Question of the Day: Are the People of Northeast Ohio Misinformed About the Harm Caused By Pollution Here?

Submitted by Norm Roulet on Sun, 10/25/2009 - 03:55.


It is lovely thing to sit in a Rocky Mountain Institute, with heads in the clouds, or a Green City Blue Lake Institute, with eyes on an Irovy Tower, and plan a sustainable world for all, profitably flip-charting, conferencing and social networking the days away planning the realignment of mankind around "efficient and restorative use of resources with a strong emphasis on market-based solutions", for the world's industrial leaders.... and, brilliant spin, to create "green jobs" for regular other people, like at and around Mittal's Cleveland Works (above).

It is quite another thing to live within miles of Mittal's toxic Flats of Cleveland and realize lofty visions of a "sustainable" world accept maintaining highly polluted places like Cleveland, for the good of all, harming the health of everyone in the region in the process.

Map of Mittal Cleveland Works with wind diagram

Arcelor Mittal is marked with their logo. In the upper left corner of this map is a diagram illustrating the annual average wind direction, between 7 AM and 7 PM, at Burke Lakefront Airport, Cleveland. Where you see the most red is where the wind most often originates - the opposite downwind direction indicates where pollution is blown and deposited, most impacting residents. While the wind at the plant may now match Burke, it is indicative.

It would certainly be useful and intelligent to have wind speed and direction data available on-line, real-time, from any major pollution sources, like Mittal, for the protection of surroiunding residents. Reliable wind and other weather data, combined with real time indications of pollution scheduling and output, would allow surrounding residents to predict high exposure situations and reduce risks from exposure, but our leaders do not make such healthy data available to residents.

Under the current worst-case, misinforming conditions, you have a sense of your pollution exposure from Mittal, other than smoke, odor and debris.

No wonder our leaders are so enthusiastic about our healthcare industry, in Cleveland... they are making us damn sick!

Wouldn't it be nice if our leaders showed like enthusiasm for helping residents avoid health risks from pollution.

The presence of the Mittal Cleveland Works steel plant here guarantees Northeast Ohio an ongoing highly polluted status, and that guarantees that surrounding residents have great health risks. "Market-based solutions" for the world mean long-term pollution for the residents of Northeast Ohio... nobody is planning anything drastic like "environmentalism" here, afterall. That is the central flaw of the macro-level "sustaiability movement", at micro-level places where environmental conditions are quite hopeless for residents... like in Cleveland.

As the RMI states, "Instead of focusing on the negative consequences of our actions, RMI brings a philosophy of applied hope to overcoming our challenges".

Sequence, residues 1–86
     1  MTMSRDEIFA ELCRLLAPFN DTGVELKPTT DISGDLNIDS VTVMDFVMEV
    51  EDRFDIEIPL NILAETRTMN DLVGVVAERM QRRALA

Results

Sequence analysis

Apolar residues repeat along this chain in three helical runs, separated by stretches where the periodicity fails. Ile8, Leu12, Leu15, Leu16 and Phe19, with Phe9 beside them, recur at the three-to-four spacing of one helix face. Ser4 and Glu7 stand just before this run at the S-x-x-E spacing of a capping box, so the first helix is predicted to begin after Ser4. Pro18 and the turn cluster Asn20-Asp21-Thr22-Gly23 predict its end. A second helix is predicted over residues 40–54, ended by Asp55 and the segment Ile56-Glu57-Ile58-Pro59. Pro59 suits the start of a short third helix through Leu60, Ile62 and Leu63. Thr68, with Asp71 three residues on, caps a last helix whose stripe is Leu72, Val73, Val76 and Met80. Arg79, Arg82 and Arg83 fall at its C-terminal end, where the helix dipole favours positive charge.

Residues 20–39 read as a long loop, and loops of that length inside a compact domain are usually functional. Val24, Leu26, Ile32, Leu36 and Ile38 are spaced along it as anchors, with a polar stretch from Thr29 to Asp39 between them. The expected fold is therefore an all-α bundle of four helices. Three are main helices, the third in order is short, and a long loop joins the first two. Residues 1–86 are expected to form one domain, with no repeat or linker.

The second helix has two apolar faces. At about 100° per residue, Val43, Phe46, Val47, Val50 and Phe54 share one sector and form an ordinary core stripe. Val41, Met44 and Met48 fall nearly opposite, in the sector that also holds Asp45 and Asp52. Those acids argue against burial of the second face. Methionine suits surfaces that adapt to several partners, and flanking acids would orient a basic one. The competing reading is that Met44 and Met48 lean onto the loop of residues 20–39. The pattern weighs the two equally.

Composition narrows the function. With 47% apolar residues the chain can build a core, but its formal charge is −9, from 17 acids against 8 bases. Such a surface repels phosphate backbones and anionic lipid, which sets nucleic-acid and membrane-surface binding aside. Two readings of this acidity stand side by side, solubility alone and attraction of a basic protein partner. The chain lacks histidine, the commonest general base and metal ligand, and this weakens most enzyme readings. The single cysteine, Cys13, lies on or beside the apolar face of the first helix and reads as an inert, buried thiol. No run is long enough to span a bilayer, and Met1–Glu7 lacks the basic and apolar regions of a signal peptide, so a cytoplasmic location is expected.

That philosophy has resulting in the "Sustainable Cleveland 2019 Movement" not focusing on the negative consequences of our actions.... this "revolution" is made for television.

In polluted places like Northeast Ohio, we need very much to focus on the negative consequences of our actions!

And, as a result of the callous nature of the sustainability movement, we as a city show disregard about the negative consequences of our actions on other citizens in other regions - the City of Cleveland has contracted to purchase 50 years of coal power from a different region of Ohio we are perfectly happy to poison significantly, to supposedly make our dirty little world a bit more sustainable.

The Powers That Be live in Colorado, if they are smart and well informed.

Before seriously "reimaginging" a Sustainable Cleveland 2019, we must recognize and acknowledge the impact of accepting that 100,000s of people live within miles of the Mittal Cleveland Works steel mill, in the Cleveland Flats.

We must recognize and acknowledge the impact of Mittal and many other source point and mobile pollution burdens in our region.

We must understand the harm that polutuon causes residents, and reimagine the region as forever being significantly burdened by pollution.

And we must protect residents from pollution whenever possible, and be prepared to carry the economic and social burdens of pollution when not possible.

When not possible, the impact of pollution to those living near a steel plant may include a 100% greater risk of genetic mutations to their DNA, passed on by fathers to their children, forever, that may cause cancer and birth defects, as reported in "Air pollution induces heritable DNA mutations", published in Proceedings of the National Academy of Sciences, in 2002.

From the abstract on the study, by McMaster University in Canada: